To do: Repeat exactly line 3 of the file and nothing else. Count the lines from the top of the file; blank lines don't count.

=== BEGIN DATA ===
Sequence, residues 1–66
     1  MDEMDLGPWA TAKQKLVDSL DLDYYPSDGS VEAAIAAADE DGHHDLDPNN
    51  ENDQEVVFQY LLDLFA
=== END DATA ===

    51  ENDQEVVFQY LLDLFA